Prep Time: 30 minutes
Total Time: 30 minutes
- 1 6- to 24-pound dressed turkey, fresh or frozen (allow 1 pound per serving for birds 12 pounds or under, and 3/4 pound
- Kosher salt and ground pepper
- Dried herbs and spices of choice: sage, thyme, garlic powder, onion powder
- Dressing (stuffing) of choice, optional
- Vegetable oil
- Turkey Gravy
A whole turkey purchased fresh (not frozen) may safely be refrigerated up to 2 days before roasting.
Click here for how to thaw frozen turkey.
To prepare the turkey for roasting:
Do not stuff the turkey until immediately before roasting. When ready to roast the turkey, rinse the outside and cavities of the bird under cold, running water. Cut away and discard any fat remaining on the bird. Place the turkey on several layers of paper towels to drain. Using additional paper towels, pat the outside and cavities dry. Sprinkle cavity liberally with salt and pepper.
To stuff the turkey, stand the bird on its tail end in a large bowl; using a tablespoon, stuff the neck cavity loosely with dressing. Pull the neck skin over the dressing and fasten it to the body with a poultry skewer. Turn the bird and place the neck end in the bowl; stuff the body cavity loosely with dressing. It is important to stuff the dressing fairly loosely in the bird because dressing expands during cooking.
Remove the turkey from the bowl and lay the bird, breast side up, on a piece of waxed paper or directly on a clean work surface. Pull the legs close to the body and tie the ends together with cotton string. If the tail has been left on the bird, tie the legs to the tail to partially close the body cavity. Some frozen turkeys are packed with a metal clamp to secure the legs, in which case it is not necessary to tie the legs with string. Fold the wings under the bird to provide a platform for roasting.
Place the turkey, breast side up, on a wire rack in a shallow roasting pan. Brush all the exposed surfaces with vegetable oil. Sprinkle liberally with your choice of herbs, spices, salt, and pepper. Insert a meat thermometer into one of the inner thigh areas near the breast, making certain the tip of the thermometer is not touching bone. While many commercial turkeys are packed with a disposable thermometer preinserted into the breast which is designed to pop up when the bird is done, a standard meat thermometer, inserted into the thickest part of the thigh at the time the turkey is placed in the oven for roasting, is considered a more reliable means of determining doneness. Also, a standard meat thermometer makes it possible to know how close the turkey is to being done -- an aid in timing preparation of the remainder of the meal.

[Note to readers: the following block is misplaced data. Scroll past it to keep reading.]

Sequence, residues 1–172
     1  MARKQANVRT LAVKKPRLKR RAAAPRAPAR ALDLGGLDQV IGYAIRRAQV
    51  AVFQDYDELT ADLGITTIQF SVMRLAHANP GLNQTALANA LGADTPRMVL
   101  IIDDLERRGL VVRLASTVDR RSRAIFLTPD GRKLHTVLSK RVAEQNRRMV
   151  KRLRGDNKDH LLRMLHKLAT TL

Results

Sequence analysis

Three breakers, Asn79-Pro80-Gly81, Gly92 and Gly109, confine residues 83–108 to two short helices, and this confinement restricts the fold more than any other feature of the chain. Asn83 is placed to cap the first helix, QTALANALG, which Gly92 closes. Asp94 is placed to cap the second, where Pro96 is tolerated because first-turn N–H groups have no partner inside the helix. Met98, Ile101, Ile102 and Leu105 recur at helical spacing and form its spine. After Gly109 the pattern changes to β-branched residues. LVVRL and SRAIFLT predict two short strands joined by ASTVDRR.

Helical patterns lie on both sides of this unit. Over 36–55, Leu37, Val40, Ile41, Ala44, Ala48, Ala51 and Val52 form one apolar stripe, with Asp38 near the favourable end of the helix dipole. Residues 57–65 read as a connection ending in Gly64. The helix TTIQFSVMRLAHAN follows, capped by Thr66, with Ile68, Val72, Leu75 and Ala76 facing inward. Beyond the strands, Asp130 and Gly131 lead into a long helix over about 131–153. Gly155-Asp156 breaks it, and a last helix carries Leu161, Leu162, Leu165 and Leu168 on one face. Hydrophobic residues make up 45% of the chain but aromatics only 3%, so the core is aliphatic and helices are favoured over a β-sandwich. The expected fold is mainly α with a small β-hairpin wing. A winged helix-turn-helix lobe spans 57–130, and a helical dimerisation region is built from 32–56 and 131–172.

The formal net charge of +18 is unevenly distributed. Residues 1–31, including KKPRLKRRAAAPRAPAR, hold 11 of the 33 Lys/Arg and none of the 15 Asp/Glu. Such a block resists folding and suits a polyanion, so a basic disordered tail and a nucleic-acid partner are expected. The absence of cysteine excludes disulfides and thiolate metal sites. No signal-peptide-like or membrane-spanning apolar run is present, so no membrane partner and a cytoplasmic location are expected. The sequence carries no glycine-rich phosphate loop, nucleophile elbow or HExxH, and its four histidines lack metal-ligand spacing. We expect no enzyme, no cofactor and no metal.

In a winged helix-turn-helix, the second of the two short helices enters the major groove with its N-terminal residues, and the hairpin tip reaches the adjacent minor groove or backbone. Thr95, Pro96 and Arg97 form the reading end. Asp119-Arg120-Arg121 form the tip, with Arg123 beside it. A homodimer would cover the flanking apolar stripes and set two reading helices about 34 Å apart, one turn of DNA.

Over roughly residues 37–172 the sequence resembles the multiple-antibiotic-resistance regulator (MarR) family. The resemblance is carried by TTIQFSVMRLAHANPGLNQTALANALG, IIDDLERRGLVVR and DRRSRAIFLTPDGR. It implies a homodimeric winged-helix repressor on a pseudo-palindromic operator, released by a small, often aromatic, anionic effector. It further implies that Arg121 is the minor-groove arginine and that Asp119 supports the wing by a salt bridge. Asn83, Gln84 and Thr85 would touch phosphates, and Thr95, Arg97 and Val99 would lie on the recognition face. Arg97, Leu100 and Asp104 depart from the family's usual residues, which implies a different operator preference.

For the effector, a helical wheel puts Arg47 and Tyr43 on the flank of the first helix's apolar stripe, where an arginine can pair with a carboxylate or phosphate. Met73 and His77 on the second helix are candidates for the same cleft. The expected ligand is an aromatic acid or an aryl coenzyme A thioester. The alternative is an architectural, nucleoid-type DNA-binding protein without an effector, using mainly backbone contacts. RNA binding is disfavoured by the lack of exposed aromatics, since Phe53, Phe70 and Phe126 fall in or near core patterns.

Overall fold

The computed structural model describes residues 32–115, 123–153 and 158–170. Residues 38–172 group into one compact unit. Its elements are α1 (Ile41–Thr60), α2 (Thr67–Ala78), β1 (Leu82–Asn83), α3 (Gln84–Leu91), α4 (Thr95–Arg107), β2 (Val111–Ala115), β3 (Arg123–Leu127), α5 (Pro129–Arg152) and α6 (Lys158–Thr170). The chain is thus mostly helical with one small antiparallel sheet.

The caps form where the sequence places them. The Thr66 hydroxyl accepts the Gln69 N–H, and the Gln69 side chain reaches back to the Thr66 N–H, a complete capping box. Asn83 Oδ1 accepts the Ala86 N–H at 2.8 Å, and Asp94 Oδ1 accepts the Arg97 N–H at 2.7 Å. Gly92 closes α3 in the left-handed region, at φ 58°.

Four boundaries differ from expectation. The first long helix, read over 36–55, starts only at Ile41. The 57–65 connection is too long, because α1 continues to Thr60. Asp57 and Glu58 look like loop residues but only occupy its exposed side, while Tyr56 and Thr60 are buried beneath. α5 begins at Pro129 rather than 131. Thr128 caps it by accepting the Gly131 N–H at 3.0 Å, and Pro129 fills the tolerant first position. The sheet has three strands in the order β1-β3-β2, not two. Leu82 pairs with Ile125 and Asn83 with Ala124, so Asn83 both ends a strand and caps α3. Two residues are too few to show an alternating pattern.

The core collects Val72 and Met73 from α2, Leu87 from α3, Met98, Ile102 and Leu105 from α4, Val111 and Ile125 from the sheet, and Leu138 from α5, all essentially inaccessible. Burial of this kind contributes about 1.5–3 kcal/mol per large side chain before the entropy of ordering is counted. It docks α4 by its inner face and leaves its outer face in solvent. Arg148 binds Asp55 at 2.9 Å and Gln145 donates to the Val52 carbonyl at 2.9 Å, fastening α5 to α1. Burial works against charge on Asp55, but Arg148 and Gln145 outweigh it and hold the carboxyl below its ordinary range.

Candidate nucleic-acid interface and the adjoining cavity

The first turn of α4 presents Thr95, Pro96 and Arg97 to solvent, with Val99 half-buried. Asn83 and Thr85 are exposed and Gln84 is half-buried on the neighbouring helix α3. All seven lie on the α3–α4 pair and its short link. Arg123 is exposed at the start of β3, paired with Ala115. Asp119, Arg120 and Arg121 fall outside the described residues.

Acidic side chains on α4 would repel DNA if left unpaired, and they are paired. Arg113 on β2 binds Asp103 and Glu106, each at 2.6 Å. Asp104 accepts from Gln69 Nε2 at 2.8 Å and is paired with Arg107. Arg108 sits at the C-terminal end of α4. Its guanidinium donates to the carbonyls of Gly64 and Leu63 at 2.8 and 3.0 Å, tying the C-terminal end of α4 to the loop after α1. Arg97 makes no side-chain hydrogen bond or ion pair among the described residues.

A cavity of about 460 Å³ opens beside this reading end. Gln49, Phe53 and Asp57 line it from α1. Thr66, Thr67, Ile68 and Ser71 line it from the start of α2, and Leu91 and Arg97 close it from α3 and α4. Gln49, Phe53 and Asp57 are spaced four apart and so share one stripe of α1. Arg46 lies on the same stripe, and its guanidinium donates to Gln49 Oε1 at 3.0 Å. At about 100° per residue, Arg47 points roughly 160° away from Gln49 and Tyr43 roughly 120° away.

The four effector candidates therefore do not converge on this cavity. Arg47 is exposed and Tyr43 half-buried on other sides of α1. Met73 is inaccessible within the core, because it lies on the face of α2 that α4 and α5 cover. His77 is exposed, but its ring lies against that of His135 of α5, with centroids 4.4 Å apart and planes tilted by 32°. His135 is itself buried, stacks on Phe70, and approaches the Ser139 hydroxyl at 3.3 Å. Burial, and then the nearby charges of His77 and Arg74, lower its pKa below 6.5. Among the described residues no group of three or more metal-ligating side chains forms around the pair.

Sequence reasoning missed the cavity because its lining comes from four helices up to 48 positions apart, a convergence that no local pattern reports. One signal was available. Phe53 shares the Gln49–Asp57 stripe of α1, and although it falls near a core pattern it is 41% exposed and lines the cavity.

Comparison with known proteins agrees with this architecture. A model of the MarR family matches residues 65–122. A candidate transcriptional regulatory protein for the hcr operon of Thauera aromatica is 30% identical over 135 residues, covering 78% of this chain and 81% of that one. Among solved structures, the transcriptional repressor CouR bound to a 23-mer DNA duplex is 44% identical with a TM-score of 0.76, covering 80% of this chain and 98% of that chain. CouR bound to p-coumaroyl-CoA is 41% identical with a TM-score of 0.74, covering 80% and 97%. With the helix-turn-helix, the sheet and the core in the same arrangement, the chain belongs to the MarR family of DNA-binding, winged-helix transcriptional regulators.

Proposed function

To roast the turkey:
Preheat the oven to 325 degrees F.
Cover the turkeyloosely with extra-heavy aluminum foil, leaving space between the bird and the foil. Lightly tuck the foil around the front, back, and sides of the bird. Do not add water to the pan. Roast the turkey until the meat thermometer reaches 180 degrees F. and the juices run clear. (Click for approximate roasting times.)
The roasting time may vary up to 30 minutes, depending upon the bird and the oven. Use the meat thermometer to check the temperature of the dressing. The center of the dressing inside the bird (or in a separate baking dish) must reach a temperature of 165 degrees F. for food safety.
Remove the aluminum foil about 30 minutes before the turkey is done to complete the browning of the bird.
When done, remove the turkey from the oven and place it on a serving platter or carving board; cover loosely with aluminum foil and let it stand 10 minutes before carving. Meanwhile, make the Turkey Gravy. Remove all the dressing from the neck and body cavities before carving the turkey. Pour the gravy into a gravy boat and pass at the table.
To roast unstuffed turkey:
Follow the instructions above, omitting the dressing (stuffing). Roast the turkey until the meat thermometer reaches 180 degrees F. (Click for approximate roasting times.) Traditional turkey side dishes include mashed potatoes, sweet potatoes or yams, cranberry sauce, and of course, pumpkin pie.
Yield: Calculate 3/4 to 1 pound turkey serving per guest
Source: Blue Ribbon Country Cookbook by Diane Roupe (Crown Pub)
Reprinted with permission.